Do you want your biceps to be bigger? Do you want bigger forearms as well? Have you become tired of doing biceps and wrist curls separately? Try the reverse curl for an arm workout that will activate your biceps and forearm muscles.
Reverse curl is a move that doesn’t just help you develop bigger biceps but ultimately adds muscular size and strength because of the improvement to forearm and grip strength. It can be your secret weapon in your quest to build bigger arms and a better and more proportionate body.
In this post, we will explain everything you need to know in order to build muscle mass, develop strength and enhance your training and gains.
What Are Reverse Curls and How Do They Work?
The reverse curl is a biceps curl variation that differs from the conventional curl in terms of grip type. Instead of the usual underhand (supinated) grip, you grasp the barbell with hands in an overhand (pronated) setup.
Reverse Curls: A Step-by-Step Guide
Although reverse curls are a simple workout to complete, that doesn’t mean you can’t make a mistake! To ensure that your sets of reverse curls are as effective and safe as possible, follow this step-by-step guide.
- Grab an EZ-curl bar, barbell, or dumbbells with an overhand, hip-width grip. Hold the barbell/dumbbell with your thumbs on top of the bar (false grip). It increases the difficulty and effectiveness of the exercise. Your feet should be about shoulder-width apart. Your arms should be straight and your knees slightly bent for balance. Pull your shoulders down and back while looking ahead and brace your core.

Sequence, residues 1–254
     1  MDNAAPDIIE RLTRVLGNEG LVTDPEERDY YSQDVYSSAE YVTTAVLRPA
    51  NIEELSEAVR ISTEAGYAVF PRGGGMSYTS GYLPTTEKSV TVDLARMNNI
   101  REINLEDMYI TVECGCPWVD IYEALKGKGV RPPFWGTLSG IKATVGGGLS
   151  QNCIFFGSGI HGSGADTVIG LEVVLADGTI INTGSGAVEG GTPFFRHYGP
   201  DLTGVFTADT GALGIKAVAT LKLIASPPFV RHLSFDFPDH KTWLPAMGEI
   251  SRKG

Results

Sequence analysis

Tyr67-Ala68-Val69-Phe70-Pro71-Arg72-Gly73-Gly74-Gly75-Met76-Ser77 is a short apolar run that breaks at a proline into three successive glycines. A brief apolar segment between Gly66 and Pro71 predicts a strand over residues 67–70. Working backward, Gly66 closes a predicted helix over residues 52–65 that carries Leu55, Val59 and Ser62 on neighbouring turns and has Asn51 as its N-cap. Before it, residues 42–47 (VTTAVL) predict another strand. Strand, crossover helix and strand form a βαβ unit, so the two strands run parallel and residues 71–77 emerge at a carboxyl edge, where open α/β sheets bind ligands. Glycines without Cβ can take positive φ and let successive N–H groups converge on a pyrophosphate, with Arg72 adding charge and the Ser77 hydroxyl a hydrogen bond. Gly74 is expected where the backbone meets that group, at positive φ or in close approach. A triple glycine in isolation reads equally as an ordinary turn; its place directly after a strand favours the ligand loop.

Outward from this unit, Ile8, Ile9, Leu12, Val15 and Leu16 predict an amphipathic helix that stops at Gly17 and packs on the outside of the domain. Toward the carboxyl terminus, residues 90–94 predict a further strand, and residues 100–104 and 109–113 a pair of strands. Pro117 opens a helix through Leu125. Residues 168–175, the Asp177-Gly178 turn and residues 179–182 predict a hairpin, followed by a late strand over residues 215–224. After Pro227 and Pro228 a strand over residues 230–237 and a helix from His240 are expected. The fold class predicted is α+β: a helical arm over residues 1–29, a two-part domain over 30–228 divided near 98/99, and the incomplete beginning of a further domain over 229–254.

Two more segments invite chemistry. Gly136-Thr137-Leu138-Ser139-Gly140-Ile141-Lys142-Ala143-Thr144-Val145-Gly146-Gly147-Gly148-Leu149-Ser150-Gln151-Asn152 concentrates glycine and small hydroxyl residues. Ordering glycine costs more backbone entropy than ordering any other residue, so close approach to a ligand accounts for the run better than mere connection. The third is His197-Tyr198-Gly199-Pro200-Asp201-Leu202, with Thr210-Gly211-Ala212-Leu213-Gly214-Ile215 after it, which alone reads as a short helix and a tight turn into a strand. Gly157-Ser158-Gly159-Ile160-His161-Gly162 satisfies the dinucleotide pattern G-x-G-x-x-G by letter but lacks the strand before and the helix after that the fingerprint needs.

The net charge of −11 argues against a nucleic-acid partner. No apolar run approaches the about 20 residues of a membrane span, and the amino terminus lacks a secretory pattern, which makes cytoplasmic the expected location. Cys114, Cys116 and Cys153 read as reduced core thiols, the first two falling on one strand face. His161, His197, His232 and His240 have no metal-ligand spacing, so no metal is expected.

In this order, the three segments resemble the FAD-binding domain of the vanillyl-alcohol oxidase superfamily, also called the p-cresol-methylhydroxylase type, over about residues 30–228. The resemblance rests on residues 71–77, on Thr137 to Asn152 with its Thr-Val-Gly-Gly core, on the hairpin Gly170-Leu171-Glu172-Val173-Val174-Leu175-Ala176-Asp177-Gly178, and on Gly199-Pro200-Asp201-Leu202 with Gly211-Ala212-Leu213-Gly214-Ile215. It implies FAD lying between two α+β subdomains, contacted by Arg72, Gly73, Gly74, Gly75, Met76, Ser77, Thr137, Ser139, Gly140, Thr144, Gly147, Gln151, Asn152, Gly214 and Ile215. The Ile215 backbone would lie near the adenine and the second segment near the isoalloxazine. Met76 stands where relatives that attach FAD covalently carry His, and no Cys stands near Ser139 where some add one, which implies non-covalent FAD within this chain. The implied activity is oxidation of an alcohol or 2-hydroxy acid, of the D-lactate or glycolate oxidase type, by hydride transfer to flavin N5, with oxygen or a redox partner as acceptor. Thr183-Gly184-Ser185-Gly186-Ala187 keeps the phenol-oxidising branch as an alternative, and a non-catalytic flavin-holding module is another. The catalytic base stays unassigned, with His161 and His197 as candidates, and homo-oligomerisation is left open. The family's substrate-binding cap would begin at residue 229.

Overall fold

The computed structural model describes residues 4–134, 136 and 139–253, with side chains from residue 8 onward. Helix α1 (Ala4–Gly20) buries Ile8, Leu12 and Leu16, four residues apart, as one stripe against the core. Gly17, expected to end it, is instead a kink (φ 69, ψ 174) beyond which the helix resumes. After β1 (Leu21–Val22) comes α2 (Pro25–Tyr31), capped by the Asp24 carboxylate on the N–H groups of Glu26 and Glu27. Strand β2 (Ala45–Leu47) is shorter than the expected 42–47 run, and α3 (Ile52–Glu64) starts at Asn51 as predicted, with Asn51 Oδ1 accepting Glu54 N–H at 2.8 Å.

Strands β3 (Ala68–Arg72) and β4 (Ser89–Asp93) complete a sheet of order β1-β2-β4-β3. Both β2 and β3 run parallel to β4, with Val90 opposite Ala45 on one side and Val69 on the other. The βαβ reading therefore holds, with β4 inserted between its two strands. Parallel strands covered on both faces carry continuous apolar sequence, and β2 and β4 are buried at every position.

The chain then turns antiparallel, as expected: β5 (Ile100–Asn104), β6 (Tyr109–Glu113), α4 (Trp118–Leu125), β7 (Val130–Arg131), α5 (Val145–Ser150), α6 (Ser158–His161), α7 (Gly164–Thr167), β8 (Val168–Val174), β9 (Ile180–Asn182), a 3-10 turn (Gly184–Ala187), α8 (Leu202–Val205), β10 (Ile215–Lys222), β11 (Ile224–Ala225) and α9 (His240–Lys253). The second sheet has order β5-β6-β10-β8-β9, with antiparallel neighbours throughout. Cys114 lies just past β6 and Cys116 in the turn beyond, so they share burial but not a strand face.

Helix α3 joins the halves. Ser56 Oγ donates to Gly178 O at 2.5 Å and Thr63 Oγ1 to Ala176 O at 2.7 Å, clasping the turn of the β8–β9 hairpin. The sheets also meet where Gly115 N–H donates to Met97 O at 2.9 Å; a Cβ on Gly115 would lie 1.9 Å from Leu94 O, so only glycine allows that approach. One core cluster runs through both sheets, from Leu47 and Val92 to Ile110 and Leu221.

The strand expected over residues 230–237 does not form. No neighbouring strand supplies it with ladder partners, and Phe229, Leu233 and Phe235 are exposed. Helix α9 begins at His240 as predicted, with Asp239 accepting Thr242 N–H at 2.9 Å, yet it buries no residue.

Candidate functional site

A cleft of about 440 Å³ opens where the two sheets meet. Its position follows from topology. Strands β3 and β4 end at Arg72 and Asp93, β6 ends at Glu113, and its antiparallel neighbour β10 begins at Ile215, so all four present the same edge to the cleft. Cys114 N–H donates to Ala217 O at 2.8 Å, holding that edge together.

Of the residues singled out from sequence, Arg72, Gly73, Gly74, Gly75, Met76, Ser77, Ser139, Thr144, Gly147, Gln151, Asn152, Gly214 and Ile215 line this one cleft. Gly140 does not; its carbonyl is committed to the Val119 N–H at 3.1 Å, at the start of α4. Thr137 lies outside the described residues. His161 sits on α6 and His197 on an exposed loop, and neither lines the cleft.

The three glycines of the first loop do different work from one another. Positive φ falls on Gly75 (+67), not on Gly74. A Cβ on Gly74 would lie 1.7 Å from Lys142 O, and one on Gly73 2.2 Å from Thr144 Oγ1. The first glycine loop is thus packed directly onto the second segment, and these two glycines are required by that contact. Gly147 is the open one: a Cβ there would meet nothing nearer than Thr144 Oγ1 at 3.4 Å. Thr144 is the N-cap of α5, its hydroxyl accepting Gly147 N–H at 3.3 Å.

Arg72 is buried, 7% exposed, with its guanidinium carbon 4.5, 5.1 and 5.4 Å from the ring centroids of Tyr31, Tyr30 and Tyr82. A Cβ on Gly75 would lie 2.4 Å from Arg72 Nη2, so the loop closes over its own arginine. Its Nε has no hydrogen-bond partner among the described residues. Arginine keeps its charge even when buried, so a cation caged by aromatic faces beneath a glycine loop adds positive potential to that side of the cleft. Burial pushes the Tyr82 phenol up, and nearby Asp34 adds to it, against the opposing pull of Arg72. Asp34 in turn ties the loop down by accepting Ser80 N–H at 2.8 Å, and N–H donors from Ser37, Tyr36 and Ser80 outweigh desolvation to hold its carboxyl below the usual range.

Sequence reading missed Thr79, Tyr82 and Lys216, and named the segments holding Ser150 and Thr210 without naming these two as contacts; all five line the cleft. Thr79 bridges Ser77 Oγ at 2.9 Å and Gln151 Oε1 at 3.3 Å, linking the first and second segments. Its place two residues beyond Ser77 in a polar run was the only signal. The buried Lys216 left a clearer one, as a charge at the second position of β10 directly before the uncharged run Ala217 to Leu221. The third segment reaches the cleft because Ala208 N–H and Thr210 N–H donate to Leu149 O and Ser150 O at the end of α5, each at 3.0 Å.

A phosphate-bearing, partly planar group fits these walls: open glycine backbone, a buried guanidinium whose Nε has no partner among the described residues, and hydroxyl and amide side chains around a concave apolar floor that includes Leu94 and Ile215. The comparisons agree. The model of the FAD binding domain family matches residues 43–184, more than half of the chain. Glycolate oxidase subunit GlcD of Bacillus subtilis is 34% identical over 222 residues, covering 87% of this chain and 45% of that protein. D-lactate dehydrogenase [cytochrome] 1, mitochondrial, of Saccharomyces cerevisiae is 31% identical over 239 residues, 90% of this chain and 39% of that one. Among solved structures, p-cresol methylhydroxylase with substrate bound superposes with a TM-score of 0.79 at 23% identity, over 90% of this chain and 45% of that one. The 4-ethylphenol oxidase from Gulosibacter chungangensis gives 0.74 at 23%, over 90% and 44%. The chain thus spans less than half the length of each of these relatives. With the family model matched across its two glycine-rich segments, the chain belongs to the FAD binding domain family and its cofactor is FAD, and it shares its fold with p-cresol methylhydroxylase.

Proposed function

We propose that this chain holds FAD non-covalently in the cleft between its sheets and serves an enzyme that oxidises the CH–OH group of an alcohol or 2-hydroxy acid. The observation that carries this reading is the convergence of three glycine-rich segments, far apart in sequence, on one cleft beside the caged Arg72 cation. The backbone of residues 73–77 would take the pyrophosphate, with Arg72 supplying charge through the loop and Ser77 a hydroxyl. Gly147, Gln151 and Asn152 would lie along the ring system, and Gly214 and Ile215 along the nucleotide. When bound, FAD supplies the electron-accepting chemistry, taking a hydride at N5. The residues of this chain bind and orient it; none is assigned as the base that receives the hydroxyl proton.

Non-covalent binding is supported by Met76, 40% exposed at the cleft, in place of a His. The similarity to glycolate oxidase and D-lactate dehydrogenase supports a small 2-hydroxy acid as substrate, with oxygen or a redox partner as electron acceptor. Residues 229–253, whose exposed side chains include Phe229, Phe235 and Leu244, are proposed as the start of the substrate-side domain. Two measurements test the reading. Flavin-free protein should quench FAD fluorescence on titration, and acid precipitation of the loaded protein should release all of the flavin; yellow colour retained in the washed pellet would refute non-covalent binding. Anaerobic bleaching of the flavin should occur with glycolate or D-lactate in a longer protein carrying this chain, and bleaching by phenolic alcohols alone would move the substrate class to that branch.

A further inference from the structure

- Squeeze your biceps and bend your elbows while maintaining your upper arms still. Bend your elbows to the point where your lower arms meet your upper arms. The EZ-curl bar/dumbbells should end up near to your shoulders but not touching them. At the top of the exercise, squeeze your biceps and pause.
- Return to the starting position by slowly straightening your elbows while keeping your upper arms stationary. Before starting another repetition, come to a complete halt at the bottom.
Reverse Curl Benefits
The biceps brachii and brachialis are the key muscles targeted during the reverse curl. Because it is concealed beneath the biceps, the brachialis is not a readily visible muscle. It is the primary mover during elbow flexion and serves as a structural bridge between the upper arm bone and the forearm.
Including this exercise in your routine will help you lift more weight during normal biceps curls and repair muscle imbalances between the flexor and extensor muscles. Also, a pronated grip generates more muscular activation when compared to other grip options.
Muscles Worked In Reverse Curls
This one-of-a-kind workout primarily works the biceps brachii, brachioradialis, and brachialis muscles in innovative ways.
The biceps muscle group, also known as the biceps brachii, has two origin locations on the shoulder and a single insertion point on the forearm. It regulates and allows for forearm supination, elbow flexion, and shoulder flexion.
This is one of the major forearm and arm muscles.
It has the capacity to increase the size and look of the arms by elevating the bulk of the biceps by squeezing them from underneath.
To move and flex the elbow, this muscle group works in unison with the biceps. It also serves as a flexor for the forearm.